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William Arthur Holman (4 August 1871 – 5 June 1934) was an Australian politician who served as Premier of New South Wales from 1913 to 1920. He came to office as the leader of the Labor Party, but was expelled from the party in the split of 1916. He subsequently became the inaugural leader of the NSW branch of the Nationalist Party.


William Holman

William Holman 1919.jpg
19th Premier of New South Wales
In office
30 June 1913 – 12 April 1920
MonarchGeorge V
GovernorSir Gerald Strickland
Sir Walter Davidson
Preceded byJames McGowen
Succeeded byJohn Storey
Attorney-General of New South Wales
In office
21 October 1910 – 29 January 1914
PremierJames McGowen
Preceded byCharles Wade
Succeeded byDavid Hall
Member of the Australian Parliament
for Martin
In office
19 December 1931 – 5 June 1934
Preceded byJohn Eldridge
Succeeded byWilliam McCall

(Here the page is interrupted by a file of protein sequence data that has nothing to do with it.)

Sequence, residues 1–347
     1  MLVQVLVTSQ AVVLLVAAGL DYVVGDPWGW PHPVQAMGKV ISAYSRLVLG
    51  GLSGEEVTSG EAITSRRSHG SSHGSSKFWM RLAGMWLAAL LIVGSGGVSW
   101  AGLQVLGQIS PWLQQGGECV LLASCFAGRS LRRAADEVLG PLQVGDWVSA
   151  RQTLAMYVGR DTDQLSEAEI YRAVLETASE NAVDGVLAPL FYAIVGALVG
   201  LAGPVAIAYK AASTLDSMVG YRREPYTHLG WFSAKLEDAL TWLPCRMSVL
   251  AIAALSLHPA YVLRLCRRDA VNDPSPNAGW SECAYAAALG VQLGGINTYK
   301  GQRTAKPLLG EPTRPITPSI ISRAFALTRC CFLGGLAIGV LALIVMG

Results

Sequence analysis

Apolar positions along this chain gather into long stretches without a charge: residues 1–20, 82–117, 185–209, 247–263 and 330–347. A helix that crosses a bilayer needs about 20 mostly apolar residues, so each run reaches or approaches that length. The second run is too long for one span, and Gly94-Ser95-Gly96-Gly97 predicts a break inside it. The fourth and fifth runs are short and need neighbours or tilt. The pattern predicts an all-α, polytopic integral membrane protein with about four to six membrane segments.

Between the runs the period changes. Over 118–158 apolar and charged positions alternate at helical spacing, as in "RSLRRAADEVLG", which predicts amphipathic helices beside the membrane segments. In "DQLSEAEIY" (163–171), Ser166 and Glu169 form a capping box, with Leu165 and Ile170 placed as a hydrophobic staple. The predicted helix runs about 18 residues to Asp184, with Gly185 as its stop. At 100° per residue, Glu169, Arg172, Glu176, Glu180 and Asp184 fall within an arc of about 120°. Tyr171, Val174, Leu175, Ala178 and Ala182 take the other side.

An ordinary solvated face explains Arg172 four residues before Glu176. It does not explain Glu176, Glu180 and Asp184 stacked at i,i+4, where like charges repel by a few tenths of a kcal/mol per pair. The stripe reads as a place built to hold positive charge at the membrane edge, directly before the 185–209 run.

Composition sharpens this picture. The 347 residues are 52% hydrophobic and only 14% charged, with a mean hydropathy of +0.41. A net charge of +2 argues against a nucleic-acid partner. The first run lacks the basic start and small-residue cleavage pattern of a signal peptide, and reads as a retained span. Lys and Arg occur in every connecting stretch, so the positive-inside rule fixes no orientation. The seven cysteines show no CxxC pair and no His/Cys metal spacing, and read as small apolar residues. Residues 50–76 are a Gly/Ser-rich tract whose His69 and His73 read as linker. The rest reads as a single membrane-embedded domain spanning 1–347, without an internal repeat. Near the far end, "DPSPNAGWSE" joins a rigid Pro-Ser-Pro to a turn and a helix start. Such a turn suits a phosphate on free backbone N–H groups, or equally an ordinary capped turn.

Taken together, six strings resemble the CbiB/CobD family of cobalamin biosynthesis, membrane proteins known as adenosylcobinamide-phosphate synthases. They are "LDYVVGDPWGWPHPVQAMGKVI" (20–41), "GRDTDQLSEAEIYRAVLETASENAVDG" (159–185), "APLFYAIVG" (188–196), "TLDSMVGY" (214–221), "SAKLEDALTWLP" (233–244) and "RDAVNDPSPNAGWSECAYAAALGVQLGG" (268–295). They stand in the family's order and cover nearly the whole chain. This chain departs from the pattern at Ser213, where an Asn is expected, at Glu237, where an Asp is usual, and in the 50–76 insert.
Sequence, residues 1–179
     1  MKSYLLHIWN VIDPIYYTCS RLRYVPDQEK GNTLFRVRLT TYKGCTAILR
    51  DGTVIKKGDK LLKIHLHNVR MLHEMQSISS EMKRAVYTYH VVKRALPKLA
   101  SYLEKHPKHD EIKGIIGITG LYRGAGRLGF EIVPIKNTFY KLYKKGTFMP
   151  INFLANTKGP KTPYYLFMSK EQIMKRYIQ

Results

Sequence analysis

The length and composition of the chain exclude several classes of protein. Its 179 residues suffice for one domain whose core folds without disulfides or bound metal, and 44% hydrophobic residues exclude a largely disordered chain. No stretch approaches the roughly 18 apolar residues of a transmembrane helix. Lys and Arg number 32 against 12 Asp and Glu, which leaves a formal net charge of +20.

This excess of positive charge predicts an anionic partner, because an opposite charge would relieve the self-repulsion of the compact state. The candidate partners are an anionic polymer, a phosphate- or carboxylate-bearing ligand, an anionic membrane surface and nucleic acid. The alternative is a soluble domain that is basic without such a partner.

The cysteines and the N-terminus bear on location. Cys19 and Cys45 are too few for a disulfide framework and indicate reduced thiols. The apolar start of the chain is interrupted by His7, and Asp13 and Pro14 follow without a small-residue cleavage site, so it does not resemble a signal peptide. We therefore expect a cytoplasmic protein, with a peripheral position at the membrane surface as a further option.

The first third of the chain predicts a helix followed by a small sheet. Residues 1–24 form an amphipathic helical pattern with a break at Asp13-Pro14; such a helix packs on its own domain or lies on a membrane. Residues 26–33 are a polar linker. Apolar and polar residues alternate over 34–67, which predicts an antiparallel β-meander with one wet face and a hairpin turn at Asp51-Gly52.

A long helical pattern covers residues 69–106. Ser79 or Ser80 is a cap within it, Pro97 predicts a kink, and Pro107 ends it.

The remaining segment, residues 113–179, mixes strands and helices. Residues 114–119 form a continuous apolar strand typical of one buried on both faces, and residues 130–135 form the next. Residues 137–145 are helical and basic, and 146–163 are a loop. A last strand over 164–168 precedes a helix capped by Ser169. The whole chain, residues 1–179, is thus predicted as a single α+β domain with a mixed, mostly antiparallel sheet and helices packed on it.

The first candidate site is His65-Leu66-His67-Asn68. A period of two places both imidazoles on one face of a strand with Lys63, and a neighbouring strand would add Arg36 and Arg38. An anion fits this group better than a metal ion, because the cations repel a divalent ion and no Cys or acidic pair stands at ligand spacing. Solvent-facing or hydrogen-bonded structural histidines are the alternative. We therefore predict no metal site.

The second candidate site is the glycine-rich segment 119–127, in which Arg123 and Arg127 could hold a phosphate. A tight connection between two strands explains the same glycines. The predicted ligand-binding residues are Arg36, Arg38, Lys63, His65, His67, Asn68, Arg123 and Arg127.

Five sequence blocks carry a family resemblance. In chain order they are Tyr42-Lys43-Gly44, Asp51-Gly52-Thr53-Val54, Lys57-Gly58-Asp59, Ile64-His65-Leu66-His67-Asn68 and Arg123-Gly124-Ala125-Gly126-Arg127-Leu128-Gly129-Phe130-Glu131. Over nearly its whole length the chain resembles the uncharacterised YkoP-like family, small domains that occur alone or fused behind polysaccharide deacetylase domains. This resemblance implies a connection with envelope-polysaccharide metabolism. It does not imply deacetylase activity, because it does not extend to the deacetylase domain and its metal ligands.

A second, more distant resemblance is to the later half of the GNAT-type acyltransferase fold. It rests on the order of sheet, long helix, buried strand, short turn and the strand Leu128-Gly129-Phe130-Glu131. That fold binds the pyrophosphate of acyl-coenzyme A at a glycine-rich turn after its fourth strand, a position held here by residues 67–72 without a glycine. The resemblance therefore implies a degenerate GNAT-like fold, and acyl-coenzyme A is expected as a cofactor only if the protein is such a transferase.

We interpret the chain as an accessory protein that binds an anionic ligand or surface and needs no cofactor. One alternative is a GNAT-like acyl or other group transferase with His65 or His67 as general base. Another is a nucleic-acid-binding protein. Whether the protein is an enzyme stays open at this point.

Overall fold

Member of the New South Wales Legislative Assembly
In office
27 July 1898 – 18 February 1920
ConstituencyCootamundra (1904–1920)
Grenfell (1898–1904)
Personal details
Born(1871-08-04)4 August 1871
St Pancras, London, England
Died5 June 1934(1934-06-05) (aged 62)
Gordon, New South Wales, Australia
Political partyLabor (until 1916)
Nationalist (1916–1931)
UAP (after 1931)
Spouse(s)
Ada Kidgell (m. 1901)
RelationsPortia Holman (daughter)
OccupationCabinet-maker, trade union official, journalist

Holman was born in London and arrived in Australia at the age of 17, becoming a cabinet-maker in Sydney. Before being elected to parliament, he was active in the labour movement as a journalist and union official. He was elected to the New South Wales Legislative Assembly in 1898. He began studying law part-time, and was called to the bar in 1903. In 1910, Holman became Attorney-General of New South Wales in the state's first Labor government, under Premier James McGowen. He succeeded McGowen as premier in June 1913, and later that year led his party to victory at the 1913 state election.